In our search for the refutation of the Blackmar Diemer, we come to a line that will surprise many as the defender deliberately plays an anti-positional move, blocking his centre.
In the Gunderam defense, black may surprise the attacker after 1.d4 d5 2.e4 dxe4 3.Nc3 Nf6 4.f3 exf3 5.Nxf3 Bf5 6.Ne5 c6 7.g4 and now, insteading of retreating to g6, black plays the anti-positional move 7...Be6 (diagram)
In my book "Attack with the Blackmar Diemer", I had suggested 8.Bc4, but this seems not optimal now, as black can get rid of his badly placed bishop and free his game after 8...Bxc4 9.Nxc4, eg 9...b5 10.Ne5 b4 11.Na4 and white's position resembles that of a complete beginner.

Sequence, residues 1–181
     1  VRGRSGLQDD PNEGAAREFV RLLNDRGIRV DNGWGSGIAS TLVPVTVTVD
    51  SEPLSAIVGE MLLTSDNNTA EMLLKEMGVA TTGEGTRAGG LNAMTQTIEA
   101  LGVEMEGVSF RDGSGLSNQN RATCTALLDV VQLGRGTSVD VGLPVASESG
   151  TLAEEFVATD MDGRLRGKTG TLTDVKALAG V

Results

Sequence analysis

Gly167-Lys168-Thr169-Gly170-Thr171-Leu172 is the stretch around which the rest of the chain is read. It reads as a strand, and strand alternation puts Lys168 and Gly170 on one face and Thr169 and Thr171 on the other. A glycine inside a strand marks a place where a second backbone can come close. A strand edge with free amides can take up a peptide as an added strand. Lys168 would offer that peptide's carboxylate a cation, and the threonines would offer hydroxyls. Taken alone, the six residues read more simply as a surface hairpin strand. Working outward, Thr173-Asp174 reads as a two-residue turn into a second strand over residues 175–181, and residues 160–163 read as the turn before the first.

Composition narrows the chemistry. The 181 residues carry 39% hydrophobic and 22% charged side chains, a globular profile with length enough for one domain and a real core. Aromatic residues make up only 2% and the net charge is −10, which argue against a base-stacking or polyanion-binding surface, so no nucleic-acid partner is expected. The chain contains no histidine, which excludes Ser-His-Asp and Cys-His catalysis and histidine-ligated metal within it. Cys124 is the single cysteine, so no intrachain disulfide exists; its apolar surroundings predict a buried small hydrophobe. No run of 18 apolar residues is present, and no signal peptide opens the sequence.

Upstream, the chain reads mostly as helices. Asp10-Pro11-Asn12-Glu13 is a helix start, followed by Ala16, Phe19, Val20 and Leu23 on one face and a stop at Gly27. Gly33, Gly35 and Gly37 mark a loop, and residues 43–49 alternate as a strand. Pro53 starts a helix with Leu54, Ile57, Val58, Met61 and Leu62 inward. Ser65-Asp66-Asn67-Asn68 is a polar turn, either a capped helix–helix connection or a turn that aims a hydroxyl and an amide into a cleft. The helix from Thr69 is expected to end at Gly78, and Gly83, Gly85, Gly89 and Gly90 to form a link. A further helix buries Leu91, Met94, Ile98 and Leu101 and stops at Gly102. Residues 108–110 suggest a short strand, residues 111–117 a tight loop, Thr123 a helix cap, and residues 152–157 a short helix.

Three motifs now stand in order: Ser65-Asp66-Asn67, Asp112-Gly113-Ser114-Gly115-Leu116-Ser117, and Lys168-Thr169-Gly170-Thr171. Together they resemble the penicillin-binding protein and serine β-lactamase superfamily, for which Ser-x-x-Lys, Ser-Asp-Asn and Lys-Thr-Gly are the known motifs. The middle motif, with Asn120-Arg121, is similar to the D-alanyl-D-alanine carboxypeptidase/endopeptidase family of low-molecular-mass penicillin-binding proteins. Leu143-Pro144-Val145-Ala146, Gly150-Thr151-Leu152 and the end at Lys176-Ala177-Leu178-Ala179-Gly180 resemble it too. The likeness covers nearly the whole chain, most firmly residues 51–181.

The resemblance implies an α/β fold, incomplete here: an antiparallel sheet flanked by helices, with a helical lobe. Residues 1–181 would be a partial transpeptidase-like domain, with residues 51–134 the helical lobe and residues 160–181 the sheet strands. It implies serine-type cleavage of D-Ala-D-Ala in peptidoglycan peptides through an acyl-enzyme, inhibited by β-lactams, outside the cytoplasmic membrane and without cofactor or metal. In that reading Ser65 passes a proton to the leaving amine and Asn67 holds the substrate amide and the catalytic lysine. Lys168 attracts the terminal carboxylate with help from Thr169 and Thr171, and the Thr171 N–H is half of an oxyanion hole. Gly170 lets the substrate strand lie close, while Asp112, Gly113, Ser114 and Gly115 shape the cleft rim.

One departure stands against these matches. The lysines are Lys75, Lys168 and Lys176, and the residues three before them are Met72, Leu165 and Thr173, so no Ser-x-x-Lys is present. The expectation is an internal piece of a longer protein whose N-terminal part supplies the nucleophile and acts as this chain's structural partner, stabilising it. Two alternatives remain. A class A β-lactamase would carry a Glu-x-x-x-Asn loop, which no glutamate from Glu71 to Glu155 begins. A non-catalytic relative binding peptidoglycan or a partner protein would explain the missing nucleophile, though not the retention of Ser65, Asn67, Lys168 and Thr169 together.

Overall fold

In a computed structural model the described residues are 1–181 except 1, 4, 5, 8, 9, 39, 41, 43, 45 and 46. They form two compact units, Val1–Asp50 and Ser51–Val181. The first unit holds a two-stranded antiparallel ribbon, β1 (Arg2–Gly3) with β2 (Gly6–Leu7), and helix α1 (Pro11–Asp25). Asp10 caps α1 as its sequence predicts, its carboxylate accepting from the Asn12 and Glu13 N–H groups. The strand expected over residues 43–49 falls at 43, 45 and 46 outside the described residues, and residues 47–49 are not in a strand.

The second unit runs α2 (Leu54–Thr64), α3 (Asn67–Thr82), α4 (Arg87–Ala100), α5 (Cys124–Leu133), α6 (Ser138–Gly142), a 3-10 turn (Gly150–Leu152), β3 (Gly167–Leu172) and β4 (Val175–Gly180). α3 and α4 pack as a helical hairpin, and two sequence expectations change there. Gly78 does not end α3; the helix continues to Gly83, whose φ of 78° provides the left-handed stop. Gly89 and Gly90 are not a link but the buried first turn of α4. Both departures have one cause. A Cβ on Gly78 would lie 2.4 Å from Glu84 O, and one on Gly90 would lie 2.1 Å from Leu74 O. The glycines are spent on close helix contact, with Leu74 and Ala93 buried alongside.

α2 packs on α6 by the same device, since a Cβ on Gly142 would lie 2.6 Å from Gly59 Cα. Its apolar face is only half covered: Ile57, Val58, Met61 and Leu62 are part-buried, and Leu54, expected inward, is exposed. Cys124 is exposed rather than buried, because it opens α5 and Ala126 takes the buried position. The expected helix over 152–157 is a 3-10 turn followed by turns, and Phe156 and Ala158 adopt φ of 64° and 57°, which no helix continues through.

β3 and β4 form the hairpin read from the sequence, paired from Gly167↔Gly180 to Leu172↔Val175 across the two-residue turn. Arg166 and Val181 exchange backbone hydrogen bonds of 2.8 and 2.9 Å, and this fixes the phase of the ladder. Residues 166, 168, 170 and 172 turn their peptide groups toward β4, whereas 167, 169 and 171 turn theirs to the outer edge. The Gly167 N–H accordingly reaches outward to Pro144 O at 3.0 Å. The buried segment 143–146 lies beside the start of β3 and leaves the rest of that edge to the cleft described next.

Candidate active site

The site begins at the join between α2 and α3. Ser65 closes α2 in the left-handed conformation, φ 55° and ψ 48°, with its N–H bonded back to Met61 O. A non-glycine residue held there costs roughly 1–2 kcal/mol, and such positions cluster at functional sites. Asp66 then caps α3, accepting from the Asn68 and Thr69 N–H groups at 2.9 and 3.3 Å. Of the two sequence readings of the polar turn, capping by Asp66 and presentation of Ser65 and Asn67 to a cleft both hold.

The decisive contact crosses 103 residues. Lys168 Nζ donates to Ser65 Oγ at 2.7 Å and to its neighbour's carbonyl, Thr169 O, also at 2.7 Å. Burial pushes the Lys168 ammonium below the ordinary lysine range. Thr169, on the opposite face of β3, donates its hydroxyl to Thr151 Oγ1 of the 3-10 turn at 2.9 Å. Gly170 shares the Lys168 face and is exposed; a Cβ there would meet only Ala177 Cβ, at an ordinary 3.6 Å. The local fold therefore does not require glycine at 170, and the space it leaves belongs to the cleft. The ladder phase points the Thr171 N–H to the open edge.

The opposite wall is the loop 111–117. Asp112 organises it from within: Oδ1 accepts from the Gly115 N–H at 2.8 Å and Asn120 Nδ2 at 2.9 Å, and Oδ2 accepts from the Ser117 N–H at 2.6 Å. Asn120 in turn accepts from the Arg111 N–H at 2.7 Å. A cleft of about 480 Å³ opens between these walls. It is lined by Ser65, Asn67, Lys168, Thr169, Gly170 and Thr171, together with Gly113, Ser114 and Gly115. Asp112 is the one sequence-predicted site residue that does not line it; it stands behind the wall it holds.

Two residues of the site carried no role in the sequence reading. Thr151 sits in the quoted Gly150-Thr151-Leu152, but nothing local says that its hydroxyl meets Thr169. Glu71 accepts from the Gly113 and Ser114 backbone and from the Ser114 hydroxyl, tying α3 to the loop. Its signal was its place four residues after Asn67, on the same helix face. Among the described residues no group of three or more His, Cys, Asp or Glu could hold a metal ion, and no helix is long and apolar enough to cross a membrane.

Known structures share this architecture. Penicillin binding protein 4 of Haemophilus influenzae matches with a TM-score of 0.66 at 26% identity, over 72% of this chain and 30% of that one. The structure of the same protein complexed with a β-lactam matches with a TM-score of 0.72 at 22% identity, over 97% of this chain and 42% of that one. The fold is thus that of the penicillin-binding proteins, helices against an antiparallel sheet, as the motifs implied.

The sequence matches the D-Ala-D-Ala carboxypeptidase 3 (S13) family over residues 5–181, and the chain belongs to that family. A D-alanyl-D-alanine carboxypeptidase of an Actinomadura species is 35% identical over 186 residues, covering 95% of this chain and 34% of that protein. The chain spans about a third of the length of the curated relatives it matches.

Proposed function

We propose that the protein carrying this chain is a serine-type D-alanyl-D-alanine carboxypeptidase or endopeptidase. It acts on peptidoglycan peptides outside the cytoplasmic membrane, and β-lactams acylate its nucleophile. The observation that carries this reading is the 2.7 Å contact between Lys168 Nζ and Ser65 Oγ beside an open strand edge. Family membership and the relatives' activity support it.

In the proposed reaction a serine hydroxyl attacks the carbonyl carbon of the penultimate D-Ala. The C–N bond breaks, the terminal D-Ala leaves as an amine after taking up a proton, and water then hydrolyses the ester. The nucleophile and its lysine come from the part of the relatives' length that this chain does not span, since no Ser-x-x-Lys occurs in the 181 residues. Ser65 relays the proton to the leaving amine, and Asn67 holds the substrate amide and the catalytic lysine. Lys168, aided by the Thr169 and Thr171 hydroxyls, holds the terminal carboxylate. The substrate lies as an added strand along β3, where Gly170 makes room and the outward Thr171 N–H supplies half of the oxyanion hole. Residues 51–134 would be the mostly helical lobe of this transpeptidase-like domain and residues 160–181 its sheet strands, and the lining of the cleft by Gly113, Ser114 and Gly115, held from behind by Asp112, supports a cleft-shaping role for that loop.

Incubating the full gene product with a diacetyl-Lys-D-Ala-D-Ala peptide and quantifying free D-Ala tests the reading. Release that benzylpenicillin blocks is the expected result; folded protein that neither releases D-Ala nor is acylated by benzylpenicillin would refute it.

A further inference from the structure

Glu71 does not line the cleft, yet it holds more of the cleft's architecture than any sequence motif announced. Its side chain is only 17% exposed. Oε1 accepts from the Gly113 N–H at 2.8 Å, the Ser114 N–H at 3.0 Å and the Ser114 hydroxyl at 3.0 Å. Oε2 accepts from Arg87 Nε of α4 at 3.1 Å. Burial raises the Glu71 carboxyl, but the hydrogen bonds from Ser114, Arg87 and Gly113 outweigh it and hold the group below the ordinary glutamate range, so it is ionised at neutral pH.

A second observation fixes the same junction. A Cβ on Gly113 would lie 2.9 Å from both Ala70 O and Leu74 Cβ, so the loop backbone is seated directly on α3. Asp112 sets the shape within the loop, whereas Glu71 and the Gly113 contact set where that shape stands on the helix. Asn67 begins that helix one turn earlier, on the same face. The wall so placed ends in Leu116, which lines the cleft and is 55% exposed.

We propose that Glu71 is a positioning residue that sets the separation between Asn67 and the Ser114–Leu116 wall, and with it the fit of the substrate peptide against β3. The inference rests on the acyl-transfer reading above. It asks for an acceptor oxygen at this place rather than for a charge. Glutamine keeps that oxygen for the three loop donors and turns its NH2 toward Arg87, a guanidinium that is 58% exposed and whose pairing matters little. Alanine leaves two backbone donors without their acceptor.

But what are the alternatives ? Let's look at 8.g5. Black has two reasonable replies : 8...Nd5 and 8...Nfd7.
a/ 8...Nd5 9.Ne4 (diagram)
Doesn't look good for white, does it ? Black has simple killer moves, such as Nd7 or g6 to develop quickly
b/ 8...Nfd7 9.Nd3 (diagram)
A strange position occurs. It looks like white's game is that of a complete beginner, with black also not doing very well... One thing is for sure - black has made less committing moves than white ! Na6 and g6 seem once again simple development moves that give black the advantage.
So dear BDG friends, how do you assess this line ? Scheerer had called 7...Be6 the main line, and his analysis confirmed that the lines are "quite solid for black, and it is difficult to find a clear way for the advantage for White here.". I would go even further and use the "R" word !